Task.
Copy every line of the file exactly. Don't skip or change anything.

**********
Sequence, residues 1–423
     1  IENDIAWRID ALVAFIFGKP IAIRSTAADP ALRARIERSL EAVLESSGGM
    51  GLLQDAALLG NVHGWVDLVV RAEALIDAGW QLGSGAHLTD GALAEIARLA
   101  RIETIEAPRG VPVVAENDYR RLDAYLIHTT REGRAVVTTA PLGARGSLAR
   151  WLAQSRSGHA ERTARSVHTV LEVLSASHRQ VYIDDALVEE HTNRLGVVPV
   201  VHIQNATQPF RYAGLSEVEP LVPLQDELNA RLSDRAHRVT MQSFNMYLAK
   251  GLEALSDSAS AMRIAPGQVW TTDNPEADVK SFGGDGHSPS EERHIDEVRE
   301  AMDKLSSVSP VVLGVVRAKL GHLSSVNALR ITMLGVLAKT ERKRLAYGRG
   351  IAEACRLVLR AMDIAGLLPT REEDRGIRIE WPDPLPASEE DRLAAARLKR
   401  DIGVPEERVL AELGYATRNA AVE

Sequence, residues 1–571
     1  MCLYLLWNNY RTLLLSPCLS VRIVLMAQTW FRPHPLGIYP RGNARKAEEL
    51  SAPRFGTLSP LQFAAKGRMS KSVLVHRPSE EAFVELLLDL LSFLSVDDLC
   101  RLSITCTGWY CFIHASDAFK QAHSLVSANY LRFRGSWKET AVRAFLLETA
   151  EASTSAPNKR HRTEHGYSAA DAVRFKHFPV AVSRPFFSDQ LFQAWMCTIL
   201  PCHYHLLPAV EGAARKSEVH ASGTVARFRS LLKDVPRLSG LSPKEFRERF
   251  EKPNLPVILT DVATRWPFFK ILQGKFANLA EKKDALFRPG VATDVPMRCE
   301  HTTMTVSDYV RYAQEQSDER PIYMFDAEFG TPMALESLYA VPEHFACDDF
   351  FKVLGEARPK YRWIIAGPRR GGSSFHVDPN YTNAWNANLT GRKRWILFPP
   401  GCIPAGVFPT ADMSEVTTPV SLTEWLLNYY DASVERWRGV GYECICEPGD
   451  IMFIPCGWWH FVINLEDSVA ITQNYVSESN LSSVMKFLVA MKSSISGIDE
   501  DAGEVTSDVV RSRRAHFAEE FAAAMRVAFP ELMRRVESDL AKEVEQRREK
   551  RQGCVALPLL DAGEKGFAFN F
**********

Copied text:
Sequence, residues 1–423
     1  IENDIAWRID ALVAFIFGKP IAIRSTAADP ALRARIERSL EAVLESSGGM
    51  GLLQDAALLG NVHGWVDLVV RAEALIDAGW QLGSGAHLTD GALAEIARLA
   101  RIETIEAPRG VPVVAENDYR RLDAYLIHTT REGRAVVTTA PLGARGSLAR
   151  WLAQSRSGHA ERTARSVHTV LEVLSASHRQ VYIDDALVEE HTNRLGVVPV
   201  VHIQNATQPF RYAGLSEVEP LVPLQDELNA RLSDRAHRVT MQSFNMYLAK
   251  GLEALSDSAS AMRIAPGQVW TTDNPEADVK SFGGDGHSPS EERHIDEVRE
   301  AMDKLSSVSP VVLGVVRAKL GHLSSVNALR ITMLGVLAKT ERKRLAYGRG
   351  IAEACRLVLR AMDIAGLLPT REEDRGIRIE WPDPLPASEE DRLAAARLKR
   401  DIGVPEERVL AELGYATRNA AVE

Sequence, residues 1–571
     1  MCLYLLWNNY RTLLLSPCLS VRIVLMAQTW FRPHPLGIYP RGNARKAEEL
    51  SAPRFGTLSP LQFAAKGRMS KSVLVHRPSE EAFVELLLDL LSFLSVDDLC
   101  RLSITCTGWY CFIHASDAFK QAHSLVSANY LRFRGSWKET AVRAFLLETA
   151  EASTSAPNKR HRTEHGYSAA DAVRFKHFPV AVSRPFFSDQ LFQAWMCTIL
   201  PCHYHLLPAV EGAARKSEVH ASGTVARFRS LLKDVPRLSG LSPKEFRERF
   251  EKPNLPVILT DVATRWPFFK ILQGKFANLA EKKDALFRPG VATDVPMRCE
   301  HTTMTVSDYV RYAQEQSDER PIYMFDAEFG TPMALESLYA VPEHFACDDF
   351  FKVLGEARPK YRWIIAGPRR GGSSFHVDPN YTNAWNANLT GRKRWILFPP
   401  GCIPAGVFPT ADMSEVTTPV SLTEWLLNYY DASVERWRGV GYECICEPGD
   451  IMFIPCGWWH FVINLEDSVA ITQNYVSESN LSSVMKFLVA MKSSISGIDE
   501  DAGEVTSDVV RSRRAHFAEE FAAAMRVAFP ELMRRVESDL AKEVEQRREK
   551  RQGCVALPLL DAGEKGFAFN F